Keith’s First Ocean Adventure: Enjoying Catalina, Then Back to San Diego

This is part three of a three part series. Click on the links for part 1 and part 2

Saturday morning we headed to shore right after breakfast. Keith was again furious about the life jacket, but this time his screams weren’t as hysterical as before. We quickly made our way over to Isthmus Cove, where Richard and Pam were waiting for us at the dock in their 1991 Sea Ray Sundancer 420. We hopped onboard. Here is Eric approaching the boat while holding Keith in the carrier.

They were on their way to Avalon to pick up some more friends and we’d decided to come along for the ride. As we headed south, they pointed out all the interesting sights along the way. The scenery was beautiful, with dramatic hills rising out of the sea most of the way. And it was fun to be on a fast boat for a change. The 16 mile jaunt took only 20 minutes; it would have taken almost three hours aboard Kosmos!

We only stayed long enough to pick up their friends and then we headed back up north to Emerald Cove, an especially scenic little bay about two miles north of Isthmus Cove.

On the way back to Two Harbors, something scary happened. Richard thought he might have seen something in the water ahead, so he slowed down. There was something; it looked like seals. Had we not slowed, we could have hit one of them. But then, after looking more closely, we realized those weren’t seals, but people in wet suits snorkeling in the fairway with no floating marker! We were shocked. What were people doing swimming in a traffic zone, on a cloudy day when the visibility in the water was poor, with no marker?

To be fair, their boat did have a dive marker on it, but the boat was at least 200 yards away (swimmers are supposed to stay within 100 feet of the flag). The reality was that being so far from their boat put them in more danger: Richard had seen the marker and deliberately picked the course he did to stay away from where the swimmers should have been. We tried to explain to the swimmers how much danger they were in, but they insisted they hadn’t done anything wrong.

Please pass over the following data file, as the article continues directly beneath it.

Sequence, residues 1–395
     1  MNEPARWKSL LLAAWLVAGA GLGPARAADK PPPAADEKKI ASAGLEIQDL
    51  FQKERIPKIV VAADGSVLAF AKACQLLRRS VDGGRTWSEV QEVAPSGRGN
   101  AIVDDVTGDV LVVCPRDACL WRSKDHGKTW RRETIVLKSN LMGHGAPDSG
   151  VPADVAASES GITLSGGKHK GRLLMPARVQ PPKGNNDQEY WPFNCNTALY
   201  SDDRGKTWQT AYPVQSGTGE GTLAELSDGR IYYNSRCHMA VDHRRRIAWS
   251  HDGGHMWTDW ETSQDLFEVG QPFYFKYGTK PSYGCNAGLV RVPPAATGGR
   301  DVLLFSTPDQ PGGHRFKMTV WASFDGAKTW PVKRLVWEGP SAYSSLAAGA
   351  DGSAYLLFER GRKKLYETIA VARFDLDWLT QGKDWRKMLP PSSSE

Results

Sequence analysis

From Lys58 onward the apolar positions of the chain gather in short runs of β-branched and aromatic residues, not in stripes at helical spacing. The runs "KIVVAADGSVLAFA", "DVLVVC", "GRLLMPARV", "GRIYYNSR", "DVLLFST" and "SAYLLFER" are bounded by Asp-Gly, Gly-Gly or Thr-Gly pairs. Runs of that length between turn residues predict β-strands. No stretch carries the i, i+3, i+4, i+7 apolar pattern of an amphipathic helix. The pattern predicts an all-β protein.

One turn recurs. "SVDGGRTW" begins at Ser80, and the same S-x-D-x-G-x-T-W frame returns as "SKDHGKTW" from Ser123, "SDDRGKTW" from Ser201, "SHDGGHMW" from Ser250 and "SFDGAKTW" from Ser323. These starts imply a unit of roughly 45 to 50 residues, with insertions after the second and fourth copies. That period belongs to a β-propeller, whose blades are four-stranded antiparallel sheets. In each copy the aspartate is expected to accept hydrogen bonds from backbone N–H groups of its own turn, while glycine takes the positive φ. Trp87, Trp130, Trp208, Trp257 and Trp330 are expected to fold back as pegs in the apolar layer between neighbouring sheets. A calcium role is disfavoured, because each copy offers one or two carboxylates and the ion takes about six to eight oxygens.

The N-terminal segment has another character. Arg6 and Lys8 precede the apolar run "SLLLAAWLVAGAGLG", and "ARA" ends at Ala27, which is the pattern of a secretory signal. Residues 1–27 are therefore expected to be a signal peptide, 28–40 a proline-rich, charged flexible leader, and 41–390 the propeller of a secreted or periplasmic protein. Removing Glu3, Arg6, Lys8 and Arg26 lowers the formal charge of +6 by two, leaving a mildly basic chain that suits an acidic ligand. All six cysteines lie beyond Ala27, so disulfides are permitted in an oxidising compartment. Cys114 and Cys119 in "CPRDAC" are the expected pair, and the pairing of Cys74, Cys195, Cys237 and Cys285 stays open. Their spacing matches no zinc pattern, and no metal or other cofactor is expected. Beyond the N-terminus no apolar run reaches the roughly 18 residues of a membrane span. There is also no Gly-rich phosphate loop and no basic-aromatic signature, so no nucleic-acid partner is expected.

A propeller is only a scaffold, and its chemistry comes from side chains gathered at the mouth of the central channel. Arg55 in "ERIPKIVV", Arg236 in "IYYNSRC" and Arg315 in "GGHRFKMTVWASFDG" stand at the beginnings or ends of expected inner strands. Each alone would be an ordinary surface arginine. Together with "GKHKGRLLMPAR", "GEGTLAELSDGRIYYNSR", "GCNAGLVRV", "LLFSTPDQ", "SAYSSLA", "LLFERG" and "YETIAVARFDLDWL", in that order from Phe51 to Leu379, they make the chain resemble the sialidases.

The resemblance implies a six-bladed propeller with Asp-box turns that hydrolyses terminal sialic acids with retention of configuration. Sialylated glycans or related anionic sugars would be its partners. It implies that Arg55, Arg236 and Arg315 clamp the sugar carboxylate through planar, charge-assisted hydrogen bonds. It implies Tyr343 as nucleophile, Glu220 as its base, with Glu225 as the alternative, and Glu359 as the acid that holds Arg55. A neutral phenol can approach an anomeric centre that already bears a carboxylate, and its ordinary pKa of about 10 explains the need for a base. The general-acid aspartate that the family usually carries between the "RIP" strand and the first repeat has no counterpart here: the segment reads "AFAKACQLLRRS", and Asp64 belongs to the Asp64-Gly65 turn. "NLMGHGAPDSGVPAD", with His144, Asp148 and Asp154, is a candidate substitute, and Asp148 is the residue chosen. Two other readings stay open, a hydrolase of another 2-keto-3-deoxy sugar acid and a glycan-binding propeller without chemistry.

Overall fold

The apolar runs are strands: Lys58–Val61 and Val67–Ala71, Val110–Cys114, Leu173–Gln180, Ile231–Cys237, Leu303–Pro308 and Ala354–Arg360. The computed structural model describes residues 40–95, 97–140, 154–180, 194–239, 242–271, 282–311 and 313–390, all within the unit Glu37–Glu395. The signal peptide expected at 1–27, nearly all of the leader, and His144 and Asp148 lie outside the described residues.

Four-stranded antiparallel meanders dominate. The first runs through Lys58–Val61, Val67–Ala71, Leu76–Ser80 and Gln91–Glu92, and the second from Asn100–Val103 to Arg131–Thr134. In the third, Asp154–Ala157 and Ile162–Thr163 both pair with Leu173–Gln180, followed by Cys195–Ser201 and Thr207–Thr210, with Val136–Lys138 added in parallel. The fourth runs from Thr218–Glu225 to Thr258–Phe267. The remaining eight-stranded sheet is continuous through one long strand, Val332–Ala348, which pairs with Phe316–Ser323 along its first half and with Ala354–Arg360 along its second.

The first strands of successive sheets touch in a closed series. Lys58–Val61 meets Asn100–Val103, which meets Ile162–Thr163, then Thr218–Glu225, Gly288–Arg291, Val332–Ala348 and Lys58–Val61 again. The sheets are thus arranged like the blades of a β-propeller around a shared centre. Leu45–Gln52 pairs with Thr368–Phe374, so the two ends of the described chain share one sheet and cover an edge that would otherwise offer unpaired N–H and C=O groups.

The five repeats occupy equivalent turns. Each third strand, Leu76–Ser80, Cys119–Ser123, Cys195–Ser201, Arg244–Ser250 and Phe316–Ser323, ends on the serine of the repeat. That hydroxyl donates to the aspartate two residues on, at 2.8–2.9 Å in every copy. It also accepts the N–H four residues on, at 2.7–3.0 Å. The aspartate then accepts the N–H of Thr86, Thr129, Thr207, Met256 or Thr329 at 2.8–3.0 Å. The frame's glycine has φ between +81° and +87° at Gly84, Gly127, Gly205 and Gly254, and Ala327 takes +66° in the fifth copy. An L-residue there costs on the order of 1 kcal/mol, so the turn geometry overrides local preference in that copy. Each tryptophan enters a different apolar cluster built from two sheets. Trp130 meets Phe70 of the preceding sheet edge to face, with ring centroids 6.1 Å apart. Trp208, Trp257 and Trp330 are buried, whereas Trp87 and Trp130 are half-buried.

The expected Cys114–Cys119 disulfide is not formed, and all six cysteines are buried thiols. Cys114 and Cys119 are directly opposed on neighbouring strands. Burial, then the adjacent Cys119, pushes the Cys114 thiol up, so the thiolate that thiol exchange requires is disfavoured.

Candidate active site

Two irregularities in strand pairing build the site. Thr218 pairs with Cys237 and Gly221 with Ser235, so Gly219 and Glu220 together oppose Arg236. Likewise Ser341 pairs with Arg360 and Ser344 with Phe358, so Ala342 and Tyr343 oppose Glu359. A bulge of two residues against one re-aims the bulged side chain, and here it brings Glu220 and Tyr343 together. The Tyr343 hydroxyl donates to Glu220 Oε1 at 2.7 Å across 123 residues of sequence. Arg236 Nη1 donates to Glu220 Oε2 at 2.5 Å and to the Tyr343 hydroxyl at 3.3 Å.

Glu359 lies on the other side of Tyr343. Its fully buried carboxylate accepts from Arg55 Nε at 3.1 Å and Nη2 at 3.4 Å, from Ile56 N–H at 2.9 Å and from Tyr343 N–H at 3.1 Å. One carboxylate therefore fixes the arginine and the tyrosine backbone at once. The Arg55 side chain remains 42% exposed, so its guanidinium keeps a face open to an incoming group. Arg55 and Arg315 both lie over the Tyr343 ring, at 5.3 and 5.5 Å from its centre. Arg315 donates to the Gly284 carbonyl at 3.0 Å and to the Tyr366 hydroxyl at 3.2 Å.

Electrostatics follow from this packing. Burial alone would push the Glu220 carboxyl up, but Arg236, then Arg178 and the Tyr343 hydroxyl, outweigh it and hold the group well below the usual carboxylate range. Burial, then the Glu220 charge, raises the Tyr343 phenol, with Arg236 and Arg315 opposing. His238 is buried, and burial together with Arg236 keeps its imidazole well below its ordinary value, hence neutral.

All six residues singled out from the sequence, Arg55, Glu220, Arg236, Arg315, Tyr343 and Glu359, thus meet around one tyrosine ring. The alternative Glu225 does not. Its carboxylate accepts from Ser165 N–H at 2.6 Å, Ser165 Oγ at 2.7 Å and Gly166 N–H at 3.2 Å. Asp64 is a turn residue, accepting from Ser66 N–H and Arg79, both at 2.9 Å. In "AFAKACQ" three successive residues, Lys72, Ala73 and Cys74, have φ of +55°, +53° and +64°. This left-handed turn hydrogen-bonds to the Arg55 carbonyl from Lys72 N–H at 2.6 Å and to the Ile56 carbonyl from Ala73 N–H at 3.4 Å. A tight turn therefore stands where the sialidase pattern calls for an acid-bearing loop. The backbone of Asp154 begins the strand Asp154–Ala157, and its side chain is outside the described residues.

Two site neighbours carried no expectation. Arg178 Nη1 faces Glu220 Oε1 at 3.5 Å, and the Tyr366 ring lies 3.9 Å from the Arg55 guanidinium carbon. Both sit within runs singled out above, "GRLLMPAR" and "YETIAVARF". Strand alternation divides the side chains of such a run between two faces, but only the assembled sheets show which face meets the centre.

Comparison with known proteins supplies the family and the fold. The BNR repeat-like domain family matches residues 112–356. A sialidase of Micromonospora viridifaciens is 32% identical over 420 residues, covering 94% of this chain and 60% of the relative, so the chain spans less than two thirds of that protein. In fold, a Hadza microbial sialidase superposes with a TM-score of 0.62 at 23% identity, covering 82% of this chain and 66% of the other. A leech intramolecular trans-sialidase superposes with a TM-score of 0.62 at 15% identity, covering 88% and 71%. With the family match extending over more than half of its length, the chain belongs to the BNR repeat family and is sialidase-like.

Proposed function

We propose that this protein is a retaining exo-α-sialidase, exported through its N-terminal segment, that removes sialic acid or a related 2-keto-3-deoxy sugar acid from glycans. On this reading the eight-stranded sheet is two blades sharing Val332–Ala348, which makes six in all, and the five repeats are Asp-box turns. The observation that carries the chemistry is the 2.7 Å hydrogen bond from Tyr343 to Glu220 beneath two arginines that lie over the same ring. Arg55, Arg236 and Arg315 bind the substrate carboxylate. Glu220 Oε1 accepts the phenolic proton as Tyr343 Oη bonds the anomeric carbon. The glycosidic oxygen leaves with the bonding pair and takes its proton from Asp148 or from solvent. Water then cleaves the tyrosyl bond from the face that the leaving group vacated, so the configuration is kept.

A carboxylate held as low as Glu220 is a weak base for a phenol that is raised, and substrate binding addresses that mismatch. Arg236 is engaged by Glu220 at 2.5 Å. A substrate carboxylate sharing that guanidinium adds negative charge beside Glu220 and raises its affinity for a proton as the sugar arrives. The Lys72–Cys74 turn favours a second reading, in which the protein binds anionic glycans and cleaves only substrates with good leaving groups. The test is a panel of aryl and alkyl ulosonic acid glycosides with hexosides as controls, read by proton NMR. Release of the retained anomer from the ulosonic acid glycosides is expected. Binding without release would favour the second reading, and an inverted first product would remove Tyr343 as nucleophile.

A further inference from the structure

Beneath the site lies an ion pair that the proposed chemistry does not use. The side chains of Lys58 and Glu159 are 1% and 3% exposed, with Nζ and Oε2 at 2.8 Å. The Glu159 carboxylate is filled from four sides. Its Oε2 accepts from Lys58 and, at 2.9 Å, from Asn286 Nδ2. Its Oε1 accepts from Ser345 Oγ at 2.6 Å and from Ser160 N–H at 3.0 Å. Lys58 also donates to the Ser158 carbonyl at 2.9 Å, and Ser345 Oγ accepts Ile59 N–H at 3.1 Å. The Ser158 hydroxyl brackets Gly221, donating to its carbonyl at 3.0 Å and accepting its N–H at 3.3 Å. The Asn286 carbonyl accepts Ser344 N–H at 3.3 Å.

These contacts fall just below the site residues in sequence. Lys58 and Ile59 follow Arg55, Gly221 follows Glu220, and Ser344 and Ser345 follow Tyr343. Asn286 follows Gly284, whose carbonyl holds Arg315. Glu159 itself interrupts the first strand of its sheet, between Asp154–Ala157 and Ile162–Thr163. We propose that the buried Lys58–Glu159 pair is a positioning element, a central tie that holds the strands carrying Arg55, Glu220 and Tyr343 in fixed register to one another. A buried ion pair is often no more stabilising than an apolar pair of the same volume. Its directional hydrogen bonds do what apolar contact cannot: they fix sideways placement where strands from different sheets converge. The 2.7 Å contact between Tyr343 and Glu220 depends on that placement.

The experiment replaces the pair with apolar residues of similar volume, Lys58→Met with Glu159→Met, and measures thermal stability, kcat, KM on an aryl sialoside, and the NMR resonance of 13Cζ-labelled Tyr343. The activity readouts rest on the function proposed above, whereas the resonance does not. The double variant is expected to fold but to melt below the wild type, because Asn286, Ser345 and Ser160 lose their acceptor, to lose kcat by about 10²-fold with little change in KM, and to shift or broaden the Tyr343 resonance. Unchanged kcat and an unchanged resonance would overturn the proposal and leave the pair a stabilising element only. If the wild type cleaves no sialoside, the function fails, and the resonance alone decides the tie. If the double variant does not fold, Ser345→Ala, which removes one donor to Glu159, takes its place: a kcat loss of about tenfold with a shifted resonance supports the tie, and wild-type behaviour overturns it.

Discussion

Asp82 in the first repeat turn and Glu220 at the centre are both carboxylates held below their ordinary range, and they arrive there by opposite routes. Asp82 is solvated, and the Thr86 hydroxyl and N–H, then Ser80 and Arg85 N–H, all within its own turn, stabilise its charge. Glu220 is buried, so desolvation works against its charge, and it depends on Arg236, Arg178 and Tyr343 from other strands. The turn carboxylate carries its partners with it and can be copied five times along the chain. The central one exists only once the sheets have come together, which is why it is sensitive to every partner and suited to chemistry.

After the boat ride, our friends dropped us back off at the Isthmus Cove dock and we headed back to Kosmos. There was a wine festival about to start onshore and we wanted to get back before it got too crowded. Any other year, we would have gone to the wine festival, but with Christi on limited alcohol consumption and eating a very limited diet due to Keith’s acid reflux, it just wasn’t good timing.

This time, Keith calmly let us bundle him into the life jacket and waited three whole minutes before he started screaming. We’re sure that after a few more trips, he’ll get used to it. Here is a photo of Christi and Keith right before we put the life jacket on.

On Sunday morning, our friends came by Kosmos for a visit. They didn’t stay long, though, since they needed to head back to the mainland. We laid low the rest of the day and never even went to shore. Keith slept for a record 8 hours on Sunday night!

On Monday morning, we untied at 0600 and headed back to San Diego. Sea conditions were wonderful. Four to five knots of wind, no wind waves, and 2 foot swells at long intervals. It was overcast and cool, and visibility wasn’t the greatest.

In the early afternoon, the wind picked up to around 6 knots and tiny wind waves developed that didn’t affect the nice ride. Visibility also improved, but never got good. Around 1700, a large pod of dolphins came to play. One jumped all the way out of the water for us.

We saw a submarine off the coast of San Diego. Keith slept about half the time and seemed to not even notice the seas when he was up.

In bad news, one of our relatively new navigation LED light bulbs failed. We are disappointed. We hope this is a one off and that we didn’t buy another bad batch of bulbs.

5 thoughts on “Keith’s First Ocean Adventure: Enjoying Catalina, Then Back to San Diego

  1. Loved hearing about Keith’s maiden voyage! Sounds like he enjoyed the peacefullness of being at sea by sleeping more than usual. Hopefully he will get use to the lifejacket and just learns to accept that it is not coming off no matter how much he screams about it.

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